This Is How You Nail Your Audition Outfit, According to Pros

February 17, 2022

Whether you’re gearing up for a summer intensive audition or hoping to land a spot in a company, what you wear can help you feel confident, comfortable and ready to concentrate on your dancing. “I think it’s similar to life,” says Jake Vincent, who joined the Paul Taylor Dance Company in 2020 after dancing with Taylor 2 since 2017. “If you’re wearing an outfit that you really feel great in or that’s brand-new, you’re going to walk a little bit more proudly.”

So how exactly do you go about finding an audition outfit that’s also confidence-boosting? We turned to three professional dancers who have years of experience honing their sartorial senses across ballet, modern, commercial and Broadway auditions.

Do Your Research

Before you start combing through your wardrobe, get a thorough understanding of who you’re auditioning for. “I begin by reading all of the casting details thoroughly, because if they list things like ‘bring heels’ or ‘wear formfitting clothing,’ you want to start with those details and build from there,” says Fana Tesfagiorgis, a former dancer with Alvin Ailey American­ Dance Theater whose recent work includes Broadway, television and film projects. “Then I always look up the show, company or creative team to see what their tendencies are. History, culture and time period also matter. So for a show like Ain’t Too Proud, I’ll dive into the lives of legendary Black women, like Tammi Terrell, Diana Ross and Mary Wilson, to gain inspiration for how I appear in the room and how I move.”

dancer in black bike shorts and pink leotard
Fana Tesfagiorgis. Photo courtesy Tesfagiorgis.

Do a Test Run

Pacific Northwest Ballet corps member Juliet Prine recommends also rehearsing your wardrobe ideas. “Try your outfit in class or rehearsal to see how you feel, and text a quick pic to a friend or family member to get a second opinion,” she advises. “I once borrowed a beautiful leotard from a friend for a studio showing, but I didn’t think about how thin the material was. The leotard ended up pretty sweaty and had my partner’s sweat all over it as well.”

Plan for the Unexpected

It’s always better to be overprepared than to be thrown off by a last-minute switch-up or an outfit malfunction. “Bring multiple looks, hair products, a little bit of makeup and every type of shoe imaginable, because you never know what they’re going to throw at you,” says Vincent. “And definitely bring kneepads if you’re auditioning for a modern company.”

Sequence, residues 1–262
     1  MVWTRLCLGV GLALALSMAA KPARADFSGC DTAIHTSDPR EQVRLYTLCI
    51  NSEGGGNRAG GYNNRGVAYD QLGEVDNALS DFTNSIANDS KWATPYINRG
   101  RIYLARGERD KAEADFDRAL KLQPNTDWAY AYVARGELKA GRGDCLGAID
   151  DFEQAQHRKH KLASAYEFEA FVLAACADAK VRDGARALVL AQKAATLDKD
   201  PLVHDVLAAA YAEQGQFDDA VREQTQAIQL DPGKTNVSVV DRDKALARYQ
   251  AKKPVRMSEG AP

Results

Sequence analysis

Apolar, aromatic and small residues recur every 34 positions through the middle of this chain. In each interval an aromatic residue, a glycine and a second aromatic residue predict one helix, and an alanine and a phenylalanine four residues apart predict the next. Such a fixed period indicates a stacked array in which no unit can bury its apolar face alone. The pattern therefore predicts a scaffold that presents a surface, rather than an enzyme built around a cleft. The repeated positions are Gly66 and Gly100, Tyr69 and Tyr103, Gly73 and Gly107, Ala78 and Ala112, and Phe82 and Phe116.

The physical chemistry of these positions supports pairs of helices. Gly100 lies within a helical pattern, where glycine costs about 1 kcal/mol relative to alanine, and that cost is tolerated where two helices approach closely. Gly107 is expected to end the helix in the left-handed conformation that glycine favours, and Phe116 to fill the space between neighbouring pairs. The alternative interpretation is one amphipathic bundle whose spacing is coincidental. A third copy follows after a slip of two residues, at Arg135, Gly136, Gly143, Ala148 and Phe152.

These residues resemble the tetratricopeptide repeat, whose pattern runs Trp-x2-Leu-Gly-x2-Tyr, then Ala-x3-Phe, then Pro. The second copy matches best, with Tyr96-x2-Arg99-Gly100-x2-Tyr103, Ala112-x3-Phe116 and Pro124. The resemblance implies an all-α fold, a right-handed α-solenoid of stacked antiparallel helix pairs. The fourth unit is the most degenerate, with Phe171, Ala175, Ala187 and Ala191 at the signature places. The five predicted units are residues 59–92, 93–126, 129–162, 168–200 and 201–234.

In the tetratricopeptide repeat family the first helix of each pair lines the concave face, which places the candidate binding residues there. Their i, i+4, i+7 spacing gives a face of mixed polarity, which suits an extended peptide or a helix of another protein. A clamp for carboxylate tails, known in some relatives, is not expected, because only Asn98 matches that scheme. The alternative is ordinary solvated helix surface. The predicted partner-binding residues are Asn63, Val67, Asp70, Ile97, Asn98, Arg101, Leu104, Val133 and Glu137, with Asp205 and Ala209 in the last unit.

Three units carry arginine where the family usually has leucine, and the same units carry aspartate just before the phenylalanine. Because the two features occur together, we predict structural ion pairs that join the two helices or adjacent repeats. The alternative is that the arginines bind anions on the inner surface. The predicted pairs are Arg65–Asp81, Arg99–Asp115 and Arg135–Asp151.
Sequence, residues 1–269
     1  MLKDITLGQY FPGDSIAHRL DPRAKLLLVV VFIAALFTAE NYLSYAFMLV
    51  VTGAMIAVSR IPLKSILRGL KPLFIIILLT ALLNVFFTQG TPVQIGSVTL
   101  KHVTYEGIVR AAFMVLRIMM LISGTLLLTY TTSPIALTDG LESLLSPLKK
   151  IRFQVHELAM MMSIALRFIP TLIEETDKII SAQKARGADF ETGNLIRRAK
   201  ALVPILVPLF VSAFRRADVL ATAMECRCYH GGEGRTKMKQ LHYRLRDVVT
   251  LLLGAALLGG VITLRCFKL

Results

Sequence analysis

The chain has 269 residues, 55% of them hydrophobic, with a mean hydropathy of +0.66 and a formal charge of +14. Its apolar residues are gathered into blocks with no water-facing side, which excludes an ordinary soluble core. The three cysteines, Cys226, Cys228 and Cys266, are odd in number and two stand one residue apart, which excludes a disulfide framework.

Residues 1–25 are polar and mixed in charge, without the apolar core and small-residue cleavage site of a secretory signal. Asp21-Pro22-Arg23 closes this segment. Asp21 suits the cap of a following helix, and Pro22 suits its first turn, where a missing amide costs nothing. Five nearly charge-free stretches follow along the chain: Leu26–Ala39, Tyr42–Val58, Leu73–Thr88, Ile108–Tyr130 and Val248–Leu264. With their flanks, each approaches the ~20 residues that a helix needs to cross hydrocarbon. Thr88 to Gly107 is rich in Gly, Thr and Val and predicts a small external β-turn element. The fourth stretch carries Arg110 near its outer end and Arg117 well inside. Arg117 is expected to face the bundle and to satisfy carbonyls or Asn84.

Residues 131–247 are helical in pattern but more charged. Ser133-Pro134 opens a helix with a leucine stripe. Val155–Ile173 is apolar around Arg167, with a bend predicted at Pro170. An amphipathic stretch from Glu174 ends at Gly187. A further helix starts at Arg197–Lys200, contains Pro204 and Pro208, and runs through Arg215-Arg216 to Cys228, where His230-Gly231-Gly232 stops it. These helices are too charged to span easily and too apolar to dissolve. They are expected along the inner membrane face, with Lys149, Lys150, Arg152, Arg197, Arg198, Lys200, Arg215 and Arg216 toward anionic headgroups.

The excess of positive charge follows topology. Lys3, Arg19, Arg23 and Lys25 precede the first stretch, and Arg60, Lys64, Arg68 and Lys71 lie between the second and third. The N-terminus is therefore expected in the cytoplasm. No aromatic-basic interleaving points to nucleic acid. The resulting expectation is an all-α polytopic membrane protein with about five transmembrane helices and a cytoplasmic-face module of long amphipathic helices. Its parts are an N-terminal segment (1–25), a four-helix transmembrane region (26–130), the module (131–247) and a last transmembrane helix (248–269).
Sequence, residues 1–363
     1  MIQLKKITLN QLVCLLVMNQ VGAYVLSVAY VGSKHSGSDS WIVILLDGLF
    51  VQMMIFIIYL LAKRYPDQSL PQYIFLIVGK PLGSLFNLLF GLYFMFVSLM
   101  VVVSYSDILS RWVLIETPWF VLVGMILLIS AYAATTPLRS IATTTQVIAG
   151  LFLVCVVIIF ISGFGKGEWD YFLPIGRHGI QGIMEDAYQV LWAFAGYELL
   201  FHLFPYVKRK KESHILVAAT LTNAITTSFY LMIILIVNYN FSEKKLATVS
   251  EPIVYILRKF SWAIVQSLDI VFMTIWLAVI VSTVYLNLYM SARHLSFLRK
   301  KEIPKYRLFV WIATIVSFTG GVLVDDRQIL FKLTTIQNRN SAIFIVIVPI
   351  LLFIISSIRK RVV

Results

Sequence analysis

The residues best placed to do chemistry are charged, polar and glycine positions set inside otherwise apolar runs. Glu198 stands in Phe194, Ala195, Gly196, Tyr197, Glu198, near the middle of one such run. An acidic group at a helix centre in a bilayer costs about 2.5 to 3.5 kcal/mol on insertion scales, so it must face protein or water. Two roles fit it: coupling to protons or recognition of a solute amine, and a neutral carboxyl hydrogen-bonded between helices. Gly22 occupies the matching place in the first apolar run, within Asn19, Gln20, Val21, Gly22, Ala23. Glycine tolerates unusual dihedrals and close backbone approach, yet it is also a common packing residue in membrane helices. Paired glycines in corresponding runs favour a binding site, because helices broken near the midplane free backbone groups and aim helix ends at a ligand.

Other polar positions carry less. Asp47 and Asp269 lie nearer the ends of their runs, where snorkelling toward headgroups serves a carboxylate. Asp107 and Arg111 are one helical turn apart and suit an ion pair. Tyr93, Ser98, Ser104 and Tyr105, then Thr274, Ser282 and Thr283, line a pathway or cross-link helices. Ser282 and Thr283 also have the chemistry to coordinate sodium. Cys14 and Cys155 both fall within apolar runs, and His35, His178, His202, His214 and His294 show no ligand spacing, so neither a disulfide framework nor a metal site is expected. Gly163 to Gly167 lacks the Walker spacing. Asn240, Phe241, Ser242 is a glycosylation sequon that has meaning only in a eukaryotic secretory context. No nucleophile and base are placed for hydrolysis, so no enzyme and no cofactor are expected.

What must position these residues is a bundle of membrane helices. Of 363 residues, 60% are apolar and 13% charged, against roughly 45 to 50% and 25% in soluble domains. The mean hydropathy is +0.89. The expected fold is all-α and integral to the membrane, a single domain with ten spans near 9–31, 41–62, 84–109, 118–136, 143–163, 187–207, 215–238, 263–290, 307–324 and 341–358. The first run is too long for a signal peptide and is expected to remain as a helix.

Keep It Consistent

As for callbacks, you should generally wear the same thing. “If the same outfit is clean and ready, that’s what I’ll be returning in,” says Tesfagiorgis. Vincent agrees: “You want the artistic director and team to be able to find you quickly,” he says. “If it’s a more intimate setting, like an invited call that’s under 10 people, then you can kind of test the limits.”

The Big Picture

Your audition style is very much a personal choice. “The main goal is to share yourself,” Tesfagiorgis says. “Listen to your instincts, and ask mentors or company and cast members if you have access to them,” she suggests. What you wear also shouldn’t take away from the real focus: your dancing. “The people at the table in front of you want to be moved artistically,” Vincent says. “I know it’s cliché, but if you’re enjoying yourself and putting 100 percent effort into the movement that you’re given, they can’t miss that.”

dancer in blue leotard, pink wrap skirt and pointe shoes
Juliet Prine. Photo by Yuki Takahashi, Courtesy Prine.

Quick Tips

Fana Tesfagiorgis
Fit matters: “My audition outfit has to fit well as I dance and as I stand, so that I can keep my focus on the craft. If someone is constantly adjusting their straps or pulling on their shirt, it can reflect discomfort or second-guessing.”

Finishing touches: “As far as makeup, I love to keep it natural, but I may add eyelashes for Broadway auditions. For my hair, I have ways to keep it out of my face while still letting my texture and volume be shown. There is a dire need for the normalization and appreciation of more Afros onstage, on TV, billboards, magazines—everywhere.”

Juliet Prine
Pointe shoe prep: “I prepare one really good pair and also bring a backup. I do best when my shoes are very hard, so I only wear them for class once, and then put them away until the audition.”

Ditch the warm-ups: “You’re auditioning to let them see you dance, so let them really see you.”

male dancer in blue unitard
Jake Vincent. Photo courtesy Vincent

Jake Vincent
Winning Taylor look: “I have more of an athletic build, and I knew that the aesthetic of Taylor was long lines and tights. Instead of picking tights and a T-shirt, I chose a unitard, which would lengthen me.”

Fabric preferences: “I tend to stick more to harder fabrics like lycras, and I stay away from cottons, because they have a higher chance of ripping.”